Wind energy deliveries to California’s top utility fell by half in the first two months of the year because of unusually weak winds in some Western states. The slowed wind energy production has exacerbated electricity shortfalls caused by a long drought, which has reduced hydroelectric power in the most populous U.S. state. Southern California Edison, which is owned by Edison International, said that any gaps left by the 50 percent drop in wind production during an execptionally warm January and February will be filled with electricity bought on the open market. Spot purchases tend to be more expensive and often come from natural gas.
Senate Majority Leader Mitch McConnell’s call for governors to defy proposed federal rules to limit pollution has been met with mostly silence, but leaders in downwind New England states and drought-stricken areas in the West are pushing back. The Kentucky Republican wrote to all the nation’s governors in March after the Environmental Protection Agency proposed a rule to limit carbon pollution from existing coal-fired power plants. McConnell said he thinks the rule is illegal and, if enacted, would hurt the U.S. economy and kill energy jobs. Democratic Vermont Gov. Peter Shumlin was blunt in his response to McConnell.
An Arkansas public utility is poised to offer its customers a choice of sun alongside its standard nuclear and hydro-powered fare, fattening the state’s super-slim solar industry. Entergy Arkansas Inc., a subsidiary of Entergy Corp., yesterday announced a 20-year power purchase agreement with solar developer NextEra Energy Resources, which will supply the company’s solar generation if a proposed 81-megawatt solar facility gets the green light from the state’s Public Service Commission.
Some Southeastern states slowly are loosening barriers that once prevented consumers from putting solar panels on their homes and small businesses. But many say that isn’t the reason for the recent — and probably future — growth in the residential solar market. The explanation is more likely straight-up economics, solar industry advocates argue. Solar panel technology is improving, the costs are falling, and developers are installing systems more efficiently, they say.
Norman Bay’s first day on the job as chairman of the Federal Energy Regulatory Commission was repeatedly interrupted by the removal of shouting climate activists opposed to hydraulic fracturing and the agency’s approval of gas pipelines and export terminals. “Well, I guess one wouldn’t be the chairman of FERC without having to deal with protesters,” Bay said today after Ted Glick, the national campaign coordinator for the Chesapeake Climate Action Network, was removed from the commission’s meeting room in Washington, D.C.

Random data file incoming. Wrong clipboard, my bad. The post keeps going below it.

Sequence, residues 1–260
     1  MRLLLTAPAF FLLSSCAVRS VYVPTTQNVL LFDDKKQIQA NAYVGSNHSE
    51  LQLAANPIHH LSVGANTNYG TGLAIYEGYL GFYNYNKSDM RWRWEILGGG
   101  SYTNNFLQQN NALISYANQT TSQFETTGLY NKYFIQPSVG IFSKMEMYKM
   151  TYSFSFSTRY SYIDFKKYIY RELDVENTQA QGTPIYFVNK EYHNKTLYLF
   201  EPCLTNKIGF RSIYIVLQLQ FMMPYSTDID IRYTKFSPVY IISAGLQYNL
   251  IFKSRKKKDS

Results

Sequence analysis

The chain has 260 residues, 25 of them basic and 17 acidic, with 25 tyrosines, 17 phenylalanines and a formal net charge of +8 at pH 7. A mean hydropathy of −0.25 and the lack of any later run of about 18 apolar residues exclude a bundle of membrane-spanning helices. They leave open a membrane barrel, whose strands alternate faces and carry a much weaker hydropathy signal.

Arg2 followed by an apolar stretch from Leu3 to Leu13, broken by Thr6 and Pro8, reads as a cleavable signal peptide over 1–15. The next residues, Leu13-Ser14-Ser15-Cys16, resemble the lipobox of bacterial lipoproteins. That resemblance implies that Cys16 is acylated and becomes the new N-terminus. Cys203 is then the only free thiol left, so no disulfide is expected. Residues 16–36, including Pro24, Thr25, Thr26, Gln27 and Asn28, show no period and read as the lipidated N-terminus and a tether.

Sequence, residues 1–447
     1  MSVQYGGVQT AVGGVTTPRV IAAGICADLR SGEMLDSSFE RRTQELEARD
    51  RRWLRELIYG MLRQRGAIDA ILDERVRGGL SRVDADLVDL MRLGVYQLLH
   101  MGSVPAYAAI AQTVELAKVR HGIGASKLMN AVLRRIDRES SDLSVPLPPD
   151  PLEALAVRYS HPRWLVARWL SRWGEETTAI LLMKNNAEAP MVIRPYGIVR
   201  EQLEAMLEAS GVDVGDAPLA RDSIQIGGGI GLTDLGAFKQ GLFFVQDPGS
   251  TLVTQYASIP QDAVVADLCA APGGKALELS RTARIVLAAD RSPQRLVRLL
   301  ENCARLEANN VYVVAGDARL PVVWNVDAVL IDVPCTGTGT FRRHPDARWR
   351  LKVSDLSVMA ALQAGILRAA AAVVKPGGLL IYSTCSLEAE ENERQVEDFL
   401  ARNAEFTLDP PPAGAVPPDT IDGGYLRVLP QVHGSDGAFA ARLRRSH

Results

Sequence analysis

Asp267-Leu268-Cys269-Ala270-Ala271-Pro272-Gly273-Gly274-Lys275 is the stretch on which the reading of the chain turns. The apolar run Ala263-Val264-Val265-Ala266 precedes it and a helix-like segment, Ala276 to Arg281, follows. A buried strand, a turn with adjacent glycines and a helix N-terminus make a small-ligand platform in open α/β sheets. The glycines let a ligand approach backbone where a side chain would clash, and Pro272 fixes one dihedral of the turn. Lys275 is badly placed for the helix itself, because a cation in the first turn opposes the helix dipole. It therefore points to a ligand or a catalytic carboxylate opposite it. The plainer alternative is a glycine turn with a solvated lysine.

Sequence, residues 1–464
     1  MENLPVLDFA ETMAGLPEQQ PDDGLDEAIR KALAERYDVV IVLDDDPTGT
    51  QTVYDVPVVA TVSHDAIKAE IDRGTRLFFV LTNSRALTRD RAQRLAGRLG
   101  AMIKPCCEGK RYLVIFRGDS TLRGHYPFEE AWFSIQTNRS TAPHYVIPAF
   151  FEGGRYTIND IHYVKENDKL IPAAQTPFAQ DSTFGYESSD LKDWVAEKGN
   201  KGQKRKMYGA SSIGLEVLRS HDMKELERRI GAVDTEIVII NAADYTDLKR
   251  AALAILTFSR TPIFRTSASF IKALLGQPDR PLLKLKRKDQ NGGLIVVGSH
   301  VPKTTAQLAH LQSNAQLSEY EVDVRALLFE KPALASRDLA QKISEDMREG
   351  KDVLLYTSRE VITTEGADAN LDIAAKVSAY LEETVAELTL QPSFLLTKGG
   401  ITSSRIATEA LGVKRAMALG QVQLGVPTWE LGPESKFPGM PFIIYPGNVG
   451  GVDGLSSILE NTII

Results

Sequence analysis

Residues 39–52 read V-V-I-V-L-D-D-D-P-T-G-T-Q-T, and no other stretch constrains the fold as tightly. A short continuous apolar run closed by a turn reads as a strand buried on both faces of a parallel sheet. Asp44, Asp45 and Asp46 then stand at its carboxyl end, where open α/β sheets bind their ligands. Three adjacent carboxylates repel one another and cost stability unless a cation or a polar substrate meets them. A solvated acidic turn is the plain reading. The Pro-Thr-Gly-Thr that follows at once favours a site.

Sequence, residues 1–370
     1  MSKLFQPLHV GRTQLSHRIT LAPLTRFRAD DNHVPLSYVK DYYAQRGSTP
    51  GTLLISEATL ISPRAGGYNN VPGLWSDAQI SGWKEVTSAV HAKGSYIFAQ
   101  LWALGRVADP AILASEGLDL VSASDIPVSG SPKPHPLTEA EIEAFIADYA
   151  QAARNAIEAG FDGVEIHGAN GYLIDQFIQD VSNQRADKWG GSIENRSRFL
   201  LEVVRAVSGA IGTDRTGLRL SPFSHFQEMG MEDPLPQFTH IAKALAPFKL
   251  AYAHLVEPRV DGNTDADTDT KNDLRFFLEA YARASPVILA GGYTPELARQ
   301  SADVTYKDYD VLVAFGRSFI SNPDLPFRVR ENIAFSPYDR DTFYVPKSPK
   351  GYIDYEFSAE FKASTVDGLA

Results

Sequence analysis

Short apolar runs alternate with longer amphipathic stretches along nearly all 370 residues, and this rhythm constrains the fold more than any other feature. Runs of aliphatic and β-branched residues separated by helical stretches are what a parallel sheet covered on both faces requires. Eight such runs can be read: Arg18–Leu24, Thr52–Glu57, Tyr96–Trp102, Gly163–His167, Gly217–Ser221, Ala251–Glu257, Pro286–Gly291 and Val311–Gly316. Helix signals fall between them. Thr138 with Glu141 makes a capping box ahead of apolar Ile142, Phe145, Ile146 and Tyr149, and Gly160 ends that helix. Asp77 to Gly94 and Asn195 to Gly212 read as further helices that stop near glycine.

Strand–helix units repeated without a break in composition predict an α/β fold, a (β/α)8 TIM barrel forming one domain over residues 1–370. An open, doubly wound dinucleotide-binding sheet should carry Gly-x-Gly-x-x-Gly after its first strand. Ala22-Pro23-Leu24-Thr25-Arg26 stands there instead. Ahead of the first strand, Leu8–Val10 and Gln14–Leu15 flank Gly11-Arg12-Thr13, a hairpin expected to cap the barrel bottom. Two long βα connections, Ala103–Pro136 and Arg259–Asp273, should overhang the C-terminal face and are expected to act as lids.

A large majority of Americans support taxing carbon emissions, according to polling results released yesterday, and favorability rises to two-thirds if the tax is used to send money back to households. The survey by Stanford University and Resources for the Future also found that efforts by environmental organizations to increase urgency around climate change by pointing to extreme weather isn’t working, and neither are efforts to erode people’s belief in global warming by questioning the science. “There is really no evidence here at all that the disinformation campaign has successfully, dramatically reduced confidence in environmental scientists,” said Jon Krosnick, a Stanford professor who oversaw the poll.
In Iowa, a center for both wind energy production and manufacturing, the sector has attracted $10 billion in cumulative investment and supports 6,000 jobs, according to AWEA. With nearly 5,700 MW of installed capacity, Iowa also receives more of its electricity from wind energy than any other state, at 28.5 percent, followed by South Dakota (25.3 percent) and Kansas (21.7 percent).
Courts typically don’t entertain challenges to rules before they are finished. Previous attempts to block EPA from finalizing greenhouse gas rules — such as a 2012 bid to stop the agency from finalizing greenhouse gas rules for new power plants — were quickly dismissed. Judge Thomas Griffith, a Republican appointee, asked Lin whether there is “any case in which we have halted a proposed rulemaking.””Why in the world would we resort to an extraordinary writ?” he asked, adding that the climate regulations seemed to be going through a “garden-variety rulemaking” process.
A panel of federal judges appeared inclined on Thursday to dismiss the first legal challenge to President Obama’s most far-reaching regulation to slow climate change. But in the arguments before the United States Court of Appeals for the District of Columbia Circuit, lawyers for the nation’s two largest coal companies, more than two dozen states and the Environmental Protection Agency offered a preview of what is expected to be a protracted battle over a regulation Mr. Obama hopes to leave as his signature environmental achievement.
In the last two years, renewable energy jobs in Australia have declined by 15 percent, according to the Australian Bureau of Statistics. More than 2,000 jobs have been lost since the industry hit a peak of almost 15,000 full-time workers in 2011 and 2012. Last year, there were 12,590 jobs in renewable energy. According to the Australian Conservation Foundation, job loss can be attributed to political indecision over the Renewable Energy Target, which calls for 20 percent of Australia’s electricity to come from renewable sources by 2020. The Australian Bureau of Statistics said the indecision was having a negative impact on investments.